- Joel Lexchin writes about the lack of regulation of pharmaceutical advertising in Canada. And Andre Picard salutes British Columbia's progress in making contraception universally and freely available, while imploring other provinces to follow suit. 

- Owen Schalk discusses how the Libs' fossil fuel subsidies are merely providing fuel for an ongoing climate emergency. Damian Carrington reports on the "super-emitting" methane leaks could singlehandedly push the Earth past its carbon budget to stay under 1.5 degrees of warming. And Jeff Masters and Bob Henson explain why even relatively small temperature increases result in significantly more severe weather. 

- Gordon Laxer writes that while Canada should be investigation foreign interference in our elections, we should be paying more attention to the corporate actors who do so with a veneer of local presence while directing our policies for the benefit of foreign owners. 

- Amy Hanauer notes that the best way to address concerns about public debt is to make sure the rich pay their fair share. 

- Finally, Alexander Hinton writes that spin about "lone wolf" extremist attacks serve as a dangerous distraction from the networks of eliminationist rhetoric which invariably underlie the danger. 

Monday, March 06, 2023

Monday Afternoon Links

Miscellaneous material to start your week.

- Tarun Sai Lomte discusses new research on the connection between structural brain changes and fatigue associated with long COVID. And Eric Topol examines the growing body of evidence on the increased risk of heart attacks and strokes after COVID infection. 

- Robert Reich writes about the problems with corporate capitalism which tries to cut all values other than immediate exploitation out of decision-making processes. David Sirota writes that the prospect of increased rail regulation in the wake of reporting about the East Palestine toxic release offers at least some example of how responsive governance is supposed to work. And Joe Mayall points out the importance of talking about wage theft - and combating it at every possible level of government.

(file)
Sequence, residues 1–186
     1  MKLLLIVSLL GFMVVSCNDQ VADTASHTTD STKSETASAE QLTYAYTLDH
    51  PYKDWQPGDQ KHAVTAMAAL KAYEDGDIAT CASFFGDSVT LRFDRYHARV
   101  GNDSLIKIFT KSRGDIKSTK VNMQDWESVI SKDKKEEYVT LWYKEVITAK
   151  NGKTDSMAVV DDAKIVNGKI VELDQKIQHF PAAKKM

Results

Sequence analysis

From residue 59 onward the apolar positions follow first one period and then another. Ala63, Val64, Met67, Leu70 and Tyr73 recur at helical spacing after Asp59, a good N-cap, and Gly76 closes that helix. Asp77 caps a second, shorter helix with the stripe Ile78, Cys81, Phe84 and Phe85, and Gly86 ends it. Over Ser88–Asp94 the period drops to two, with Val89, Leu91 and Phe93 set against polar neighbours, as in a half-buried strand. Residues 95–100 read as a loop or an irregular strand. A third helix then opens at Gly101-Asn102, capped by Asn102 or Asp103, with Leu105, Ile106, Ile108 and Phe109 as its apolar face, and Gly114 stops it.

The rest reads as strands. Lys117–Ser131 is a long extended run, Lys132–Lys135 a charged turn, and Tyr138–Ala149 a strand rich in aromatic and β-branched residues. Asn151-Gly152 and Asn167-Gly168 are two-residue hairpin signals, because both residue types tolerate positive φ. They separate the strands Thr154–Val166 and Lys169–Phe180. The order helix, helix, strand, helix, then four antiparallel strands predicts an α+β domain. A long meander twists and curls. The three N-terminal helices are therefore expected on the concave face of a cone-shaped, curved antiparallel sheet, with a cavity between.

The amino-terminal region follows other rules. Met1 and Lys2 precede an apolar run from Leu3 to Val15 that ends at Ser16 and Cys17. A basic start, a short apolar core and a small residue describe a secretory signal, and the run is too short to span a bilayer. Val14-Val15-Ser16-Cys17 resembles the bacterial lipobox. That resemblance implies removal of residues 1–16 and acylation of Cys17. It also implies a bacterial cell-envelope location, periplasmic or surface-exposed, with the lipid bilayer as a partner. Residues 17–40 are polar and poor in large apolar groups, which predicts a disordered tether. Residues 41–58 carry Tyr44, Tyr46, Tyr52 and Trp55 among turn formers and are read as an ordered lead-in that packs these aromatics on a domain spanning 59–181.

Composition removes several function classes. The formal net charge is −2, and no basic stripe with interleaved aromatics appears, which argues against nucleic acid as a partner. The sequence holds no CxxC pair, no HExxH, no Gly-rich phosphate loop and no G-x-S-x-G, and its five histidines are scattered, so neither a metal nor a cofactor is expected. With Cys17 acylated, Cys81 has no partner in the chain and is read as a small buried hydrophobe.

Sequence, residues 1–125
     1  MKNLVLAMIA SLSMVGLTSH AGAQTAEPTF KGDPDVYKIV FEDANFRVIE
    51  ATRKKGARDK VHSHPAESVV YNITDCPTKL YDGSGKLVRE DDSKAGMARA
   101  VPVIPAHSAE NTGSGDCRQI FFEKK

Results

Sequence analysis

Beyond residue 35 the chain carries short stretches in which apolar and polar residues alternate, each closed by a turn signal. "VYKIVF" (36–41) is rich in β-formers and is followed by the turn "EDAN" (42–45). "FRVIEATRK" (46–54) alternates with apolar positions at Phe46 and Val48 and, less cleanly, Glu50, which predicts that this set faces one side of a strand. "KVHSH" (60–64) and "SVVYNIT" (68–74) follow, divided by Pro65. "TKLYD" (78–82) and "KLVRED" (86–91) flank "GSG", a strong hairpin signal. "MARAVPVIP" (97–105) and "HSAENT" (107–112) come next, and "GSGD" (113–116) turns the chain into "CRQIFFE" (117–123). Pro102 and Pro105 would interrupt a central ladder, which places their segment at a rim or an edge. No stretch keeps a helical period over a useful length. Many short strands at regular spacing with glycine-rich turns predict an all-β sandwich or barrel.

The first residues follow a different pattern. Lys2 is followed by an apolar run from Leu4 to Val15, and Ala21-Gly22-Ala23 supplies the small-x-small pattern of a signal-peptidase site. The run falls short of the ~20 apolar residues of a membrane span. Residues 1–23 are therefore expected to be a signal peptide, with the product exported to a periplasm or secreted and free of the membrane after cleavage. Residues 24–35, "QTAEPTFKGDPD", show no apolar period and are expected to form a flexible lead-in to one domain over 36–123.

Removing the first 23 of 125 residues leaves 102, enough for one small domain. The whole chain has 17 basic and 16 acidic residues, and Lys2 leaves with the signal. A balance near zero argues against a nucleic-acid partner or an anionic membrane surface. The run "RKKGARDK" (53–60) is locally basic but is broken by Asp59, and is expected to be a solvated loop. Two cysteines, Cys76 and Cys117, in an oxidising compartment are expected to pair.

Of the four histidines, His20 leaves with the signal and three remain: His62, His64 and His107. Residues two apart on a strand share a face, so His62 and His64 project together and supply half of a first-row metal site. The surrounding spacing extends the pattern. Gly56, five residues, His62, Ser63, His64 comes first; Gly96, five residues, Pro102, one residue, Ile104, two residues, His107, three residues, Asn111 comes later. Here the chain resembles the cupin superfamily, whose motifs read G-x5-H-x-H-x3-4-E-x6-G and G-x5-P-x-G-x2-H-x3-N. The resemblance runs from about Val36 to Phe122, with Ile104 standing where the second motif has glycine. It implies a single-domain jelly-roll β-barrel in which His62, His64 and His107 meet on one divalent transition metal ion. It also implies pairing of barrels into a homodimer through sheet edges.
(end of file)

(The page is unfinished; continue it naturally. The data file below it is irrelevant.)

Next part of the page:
- Jim Stanford writes that Bank of Canada's choice to strangle growth is only ensuring that we don't produce more goods to help counteract inflation and push prices down. And David Moscrop points out that the most important source of affordable homes needs to be the public sector - which is currently falling far short of replacing housing which is becoming unaffordable in private hands. 

- Jim Bronskill reports on CSIS' assessment of the multiple security threats posed by a climate breakdown, while Owen Jones offers a reminder that anti-refugee rhetoric is being used to try to deny a massive wage of climate migrants any place to go. And Graham Readfearn reports on new findings showing Antarctica's sea ice at the lowest level ever. 

- Finally, David Climenhaga discusses how Danielle Smith is determined to break Alberta beyond repair, both in ensuring the collapse of systems of public services and in setting up the worst fossil fuel bust cycle the province has ever seen. And Jonathan Thompson writes about the public subsidy to oil barons as U.S. states pick up the tab for neglected and abandoned well sites.